B Story

Triton’s August Top-20 Ranker shows broad webcast gains

Tuesday, October 1, 2013 - 12:35pm

Triton Digital released its August Top-20 scoresheet of webcast metrics yesterday afternoon, revealing marginal change in the ranking lineup, and nearly unanimous upward movement in both Average Active Sessions and Session Starts. Half of the top-20 webcast leaders also showed gains in Average Time Spent Listening.

The table below shows July and August metrics sorted by Average Active Sessions, and indicating changes in ranking order. (All tables below reflect the 6 a.m. to 8 p.m. daypart.) Pandora remained the webcast leader, and Beasley Broadcasting entered the list in the 20th spot for August.

Sorting the August ranking by Month-over-Month (MoM) gains in Average Active Sessions, the following table shows double-digit webcast gains for five broadcast groups, and strong or relatively stable performance for the entire list:

Rearranging the list from the vantage of gain/loss in Average Time Spent Listening, the greatest increase in stickiness applied to pureplays Slacker and Idobi Radio.

Streamza angles into quasi-Internet radio via BitTorrent file-sharing

Monday, September 30, 2013 - 12:10pm

There are two big differences between Napster-style file-sharing and subscription music streaming like Rhapsody and Spotify. The first is that unauthorized file-sharing is, you know, unauthorized. Ad hoc sharing on peer-to-peer platforms infringes copyright, harms musicians to some degree (to an extent argued over the last 15 years), and can get you sued by media owners (although not as likely as it used to be). The second difference is that file-sharing hooks into the desire to own units of music, as opposed to accessing libraries of music. Local storage is losing ground to cloud availability as subscription platforms gain traction.

Streamza, a startup built on the BitTorrent file-sharing backbone, attempts to merge the two consumer priorities in a loop-closing service that locates, downloads, and streams music and video content. Technology like this is not entirely new, and has been built into some BitTorrent clients in the past -- those are the programs which pop up to negotiate the peer relationships needed to grab pieces of a file from the collective of sharing computers, and stitch them together on the downloading computer. During the grab-and-stitch, they start streaming the content to the impatient person tapping his fingers waiting for the file to arrive.

But Streamza differentiates by creating a platform-agnostic service that integrates the BitTorrent process in a way that emphasizes the streaming part, shoving the download handshaking into the background, and putting out an experience that resembles a streaming music subscription. Streamza aims to distribute on all the usual operating systems -- currently on the web, as a Chrome app, and purportedly in iOS (although a search for Streamza in Apple’s app store this morning came up empty).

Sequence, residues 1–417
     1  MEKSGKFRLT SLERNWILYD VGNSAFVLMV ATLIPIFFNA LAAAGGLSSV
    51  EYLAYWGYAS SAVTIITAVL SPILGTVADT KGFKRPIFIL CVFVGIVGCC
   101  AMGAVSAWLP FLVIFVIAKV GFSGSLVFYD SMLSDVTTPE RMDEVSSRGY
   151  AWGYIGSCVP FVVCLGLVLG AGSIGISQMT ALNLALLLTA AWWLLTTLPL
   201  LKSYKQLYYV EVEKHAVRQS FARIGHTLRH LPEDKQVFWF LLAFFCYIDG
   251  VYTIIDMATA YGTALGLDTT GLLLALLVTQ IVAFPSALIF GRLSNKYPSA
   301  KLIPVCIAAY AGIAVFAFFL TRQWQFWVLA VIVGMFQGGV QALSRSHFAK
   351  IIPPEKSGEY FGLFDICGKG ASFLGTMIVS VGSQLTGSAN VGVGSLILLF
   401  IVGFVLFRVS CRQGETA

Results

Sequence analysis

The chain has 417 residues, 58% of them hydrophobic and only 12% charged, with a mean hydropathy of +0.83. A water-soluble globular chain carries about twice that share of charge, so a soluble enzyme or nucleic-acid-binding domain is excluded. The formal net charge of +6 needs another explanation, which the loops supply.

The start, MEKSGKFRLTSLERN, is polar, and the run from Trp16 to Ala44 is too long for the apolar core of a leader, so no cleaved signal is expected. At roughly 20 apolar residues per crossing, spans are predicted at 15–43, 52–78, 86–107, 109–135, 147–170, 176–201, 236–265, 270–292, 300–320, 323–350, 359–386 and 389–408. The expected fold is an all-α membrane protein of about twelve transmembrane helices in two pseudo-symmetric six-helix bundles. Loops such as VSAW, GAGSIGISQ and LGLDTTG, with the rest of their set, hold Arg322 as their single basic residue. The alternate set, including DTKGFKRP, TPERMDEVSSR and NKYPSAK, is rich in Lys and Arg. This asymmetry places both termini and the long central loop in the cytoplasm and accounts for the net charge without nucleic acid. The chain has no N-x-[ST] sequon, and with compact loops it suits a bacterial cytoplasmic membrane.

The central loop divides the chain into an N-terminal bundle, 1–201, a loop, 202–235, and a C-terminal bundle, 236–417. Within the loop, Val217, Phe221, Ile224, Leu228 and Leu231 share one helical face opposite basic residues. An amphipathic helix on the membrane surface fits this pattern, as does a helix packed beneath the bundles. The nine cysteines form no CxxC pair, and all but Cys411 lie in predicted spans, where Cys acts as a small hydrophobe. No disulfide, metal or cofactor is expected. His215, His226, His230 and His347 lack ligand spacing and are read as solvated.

BitTorrent is merely a technology -- neutral in all ways and perfectly legal, like mp3. But a first-timer to the Streamza web site can discern immediately that this is an unauthorized service, thanks to the “DMCA Requests” link at the bottom of the home page. That's like a badge that says, "Hey, don't blame us." An infringement-free application of Streamza technology could conceivably be applied to BitTorrent.com, a fully authorized walled garden that offers innovative distribution opportunites for content owners who want the efficiency of peer-to-peer distribution. As it sits now, Streamza is offering a broadly accessible way of enhancing the file-sharing experience, bringing faster gratification to the unregulated P2P realm.

Slacker's new "My Vibe" steps into concierge-style programming

Friday, September 27, 2013 - 12:45pm

Creative curation is Internet radio’s latest programming vogue. Songza, for which “life moment” playlists are the cornerstone of the service’s “Concierge” programming strategy, emblemizes the approach of serving the user in action, furnishing a music stream that matches daypart, activity, and mood. This tactic, more than simple genre or decade playlists, seeks to make the service exquisitely responsive to the listener’s transient state of mind. Songza attempts to soundtrack the changeable here-and-now.

It is an appealing service paradigm, one that can be optimized by granular song tagging on the back end, refined by user customization actions (likes, skips, shares) on the front end. Slacker, a competing platform which has long specialized in creative in-house playlists, recently co-opted Songza’s playbook and established a new aspect of its listening app. Called “My Vibe,” Slacker’s day/do/mood associations are clearly modeled on Songza’s leadership. Slacker introduced the mobile version with an iOS app specifically designed around iOS 7 (it is gorgeous), and its new Android experience dropped into Google Play yesterday (it is serviceably attractive).